The Kansas City Chiefs and Oakland Raiders have combined to win five of the last seven AFC West titles. The long-time division rivals find themselves playing for pride as they square off at Network Associates Coliseum.
Neither team has much else to play for after failing to stay in serious playoff contention over the first 11 games of the season.
Kansas City is looking to halt its first four-game losing streak since 2001 after suffering a 34-31 setback to division-leading San Diego last weekend.
The Chiefs are expected to have quarterback Trent Green as their starter despite his bruised ribs and hip, which kept him out of practice almost all week.
Green took most of the snaps during Friday’s practice, and coach Dick Vermeil said Green told him he felt good and there was no reason he could not play. Vermeil said his final decision on whether to start Green or backup Todd Collins would be made Saturday.
Green is tied with Minnesota’s Daunte Culpepper for the NFL lead with five 300-yard passing games. He’s completed 247 of 372 passes for 3,052 yards with 15 TDs and 10 interceptions this season. His 59 consecutive starts are a team record for a quarterback.
Oakland has lost six of its last eight, and is looking for its first home win since beating Tampa Bay 30-20 on Sept. 26.
However, the Raiders enter the contest on a winning note after pulling out a wild 25-24 victory at Denver during a snowstorm Sunday night.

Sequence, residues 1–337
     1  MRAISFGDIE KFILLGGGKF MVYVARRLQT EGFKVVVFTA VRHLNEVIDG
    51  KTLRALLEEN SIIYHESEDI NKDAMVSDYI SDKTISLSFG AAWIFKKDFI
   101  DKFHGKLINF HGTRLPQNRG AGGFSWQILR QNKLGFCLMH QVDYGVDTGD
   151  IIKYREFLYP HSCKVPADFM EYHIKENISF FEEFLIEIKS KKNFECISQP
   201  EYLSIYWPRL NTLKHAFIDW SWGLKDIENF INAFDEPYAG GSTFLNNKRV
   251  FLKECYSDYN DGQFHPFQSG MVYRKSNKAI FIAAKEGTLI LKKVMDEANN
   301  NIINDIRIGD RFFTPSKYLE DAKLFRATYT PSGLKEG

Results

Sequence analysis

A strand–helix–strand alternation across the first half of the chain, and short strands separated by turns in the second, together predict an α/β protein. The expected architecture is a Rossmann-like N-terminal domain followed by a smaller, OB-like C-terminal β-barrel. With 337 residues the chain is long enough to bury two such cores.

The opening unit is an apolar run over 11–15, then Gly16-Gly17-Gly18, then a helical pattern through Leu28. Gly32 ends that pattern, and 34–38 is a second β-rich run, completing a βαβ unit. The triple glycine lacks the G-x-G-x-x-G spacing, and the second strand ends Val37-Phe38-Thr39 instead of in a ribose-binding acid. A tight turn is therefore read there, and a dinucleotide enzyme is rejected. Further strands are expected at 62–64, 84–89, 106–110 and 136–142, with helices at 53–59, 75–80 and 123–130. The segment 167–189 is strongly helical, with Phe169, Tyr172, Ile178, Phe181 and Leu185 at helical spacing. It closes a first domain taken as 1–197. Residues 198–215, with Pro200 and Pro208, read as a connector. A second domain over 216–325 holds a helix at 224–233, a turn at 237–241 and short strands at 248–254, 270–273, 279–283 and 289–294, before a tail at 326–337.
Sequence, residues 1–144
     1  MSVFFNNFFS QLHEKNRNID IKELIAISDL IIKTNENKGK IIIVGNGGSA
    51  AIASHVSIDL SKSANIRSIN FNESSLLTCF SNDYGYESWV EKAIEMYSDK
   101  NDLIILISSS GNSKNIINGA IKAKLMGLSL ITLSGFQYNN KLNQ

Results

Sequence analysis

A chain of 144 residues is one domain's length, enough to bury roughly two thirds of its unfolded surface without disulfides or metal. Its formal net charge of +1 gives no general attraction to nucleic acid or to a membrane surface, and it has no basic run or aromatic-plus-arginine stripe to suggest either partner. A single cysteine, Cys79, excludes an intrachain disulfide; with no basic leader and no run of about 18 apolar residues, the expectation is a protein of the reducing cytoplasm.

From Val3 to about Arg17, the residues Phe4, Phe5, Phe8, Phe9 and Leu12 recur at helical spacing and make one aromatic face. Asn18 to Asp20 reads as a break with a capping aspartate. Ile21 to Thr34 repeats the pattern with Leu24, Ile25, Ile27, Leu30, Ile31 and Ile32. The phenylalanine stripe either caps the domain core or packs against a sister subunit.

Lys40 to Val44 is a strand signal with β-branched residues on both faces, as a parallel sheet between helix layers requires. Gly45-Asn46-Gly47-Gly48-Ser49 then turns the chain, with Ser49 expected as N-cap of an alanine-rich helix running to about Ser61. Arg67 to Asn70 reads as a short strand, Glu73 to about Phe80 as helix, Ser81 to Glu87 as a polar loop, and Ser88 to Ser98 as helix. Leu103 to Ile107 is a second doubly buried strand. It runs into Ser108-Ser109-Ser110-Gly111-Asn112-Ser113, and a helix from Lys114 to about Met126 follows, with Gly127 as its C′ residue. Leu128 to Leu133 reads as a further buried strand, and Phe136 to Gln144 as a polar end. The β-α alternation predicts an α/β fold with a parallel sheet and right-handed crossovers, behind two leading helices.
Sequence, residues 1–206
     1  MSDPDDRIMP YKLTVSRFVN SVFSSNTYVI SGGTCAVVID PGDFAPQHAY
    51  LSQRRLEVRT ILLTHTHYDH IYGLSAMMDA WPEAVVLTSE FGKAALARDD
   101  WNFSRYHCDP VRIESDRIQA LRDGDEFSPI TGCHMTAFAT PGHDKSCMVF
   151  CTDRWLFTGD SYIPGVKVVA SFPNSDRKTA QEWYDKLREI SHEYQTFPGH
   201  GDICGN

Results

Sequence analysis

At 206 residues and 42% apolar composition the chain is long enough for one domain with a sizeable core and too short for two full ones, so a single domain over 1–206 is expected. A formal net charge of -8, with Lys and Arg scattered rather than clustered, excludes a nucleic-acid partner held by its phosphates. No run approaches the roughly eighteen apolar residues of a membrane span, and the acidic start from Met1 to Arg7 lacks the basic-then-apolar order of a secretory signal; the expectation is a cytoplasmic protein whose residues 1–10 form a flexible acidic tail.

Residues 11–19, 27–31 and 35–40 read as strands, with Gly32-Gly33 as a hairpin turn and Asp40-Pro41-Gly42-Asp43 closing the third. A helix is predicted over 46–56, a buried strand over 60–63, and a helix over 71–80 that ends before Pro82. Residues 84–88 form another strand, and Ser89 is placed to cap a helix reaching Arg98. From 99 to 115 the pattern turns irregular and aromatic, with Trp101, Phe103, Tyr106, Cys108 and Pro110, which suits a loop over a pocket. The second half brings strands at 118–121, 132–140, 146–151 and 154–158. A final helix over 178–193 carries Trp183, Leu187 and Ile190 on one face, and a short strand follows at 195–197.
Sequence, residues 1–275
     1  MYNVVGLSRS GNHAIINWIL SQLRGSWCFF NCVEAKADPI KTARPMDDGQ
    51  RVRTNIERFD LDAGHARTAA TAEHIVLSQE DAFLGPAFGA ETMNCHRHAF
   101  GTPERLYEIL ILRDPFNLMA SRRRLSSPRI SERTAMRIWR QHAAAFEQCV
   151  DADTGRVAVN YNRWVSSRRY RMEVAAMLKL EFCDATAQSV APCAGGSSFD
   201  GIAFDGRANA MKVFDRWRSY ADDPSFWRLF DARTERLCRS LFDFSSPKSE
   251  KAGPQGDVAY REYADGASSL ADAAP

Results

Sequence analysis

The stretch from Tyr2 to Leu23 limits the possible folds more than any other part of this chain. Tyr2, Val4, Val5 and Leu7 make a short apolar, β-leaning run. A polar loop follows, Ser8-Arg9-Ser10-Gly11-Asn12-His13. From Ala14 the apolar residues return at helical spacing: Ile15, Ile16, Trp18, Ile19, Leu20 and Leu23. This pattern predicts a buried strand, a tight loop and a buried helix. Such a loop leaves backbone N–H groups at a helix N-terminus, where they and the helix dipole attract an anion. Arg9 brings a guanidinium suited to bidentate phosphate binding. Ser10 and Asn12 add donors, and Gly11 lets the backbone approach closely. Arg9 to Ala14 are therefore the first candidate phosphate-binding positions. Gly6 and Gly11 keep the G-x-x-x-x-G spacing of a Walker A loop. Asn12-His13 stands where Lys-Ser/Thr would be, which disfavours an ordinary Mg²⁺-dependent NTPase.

“I think if a win like this is an isolated example, then that’s what it is,” Oakland coach Norv Turner said. “But really what I see, is that it makes it a lot easier to get going again this week.”
The Chiefs rank third in the league in scoring at 27.9 points per game, but are allowing 27.2, third-worst in the NFL.
Expected by many to contend for a Super Bowl this season, Kansas City is instead playing out the string.
“I thought we’d still be a very good football team and I thought we’d be a playoff team.” Vermeil said. “I still think this is a pretty good football team, but we’re not a playoff team for a number of reasons, number one, because we’re minus seven in turnovers and we’ve given up too many big plays on defense. When you do those things you don’t normally make the playoffs.”
The Chiefs are on pace to finish the year with a negative turnover mark for just the second time since 1990, while Oakland’s minus-15 ratio is better only than San Francisco’s league-worst -16 differential.
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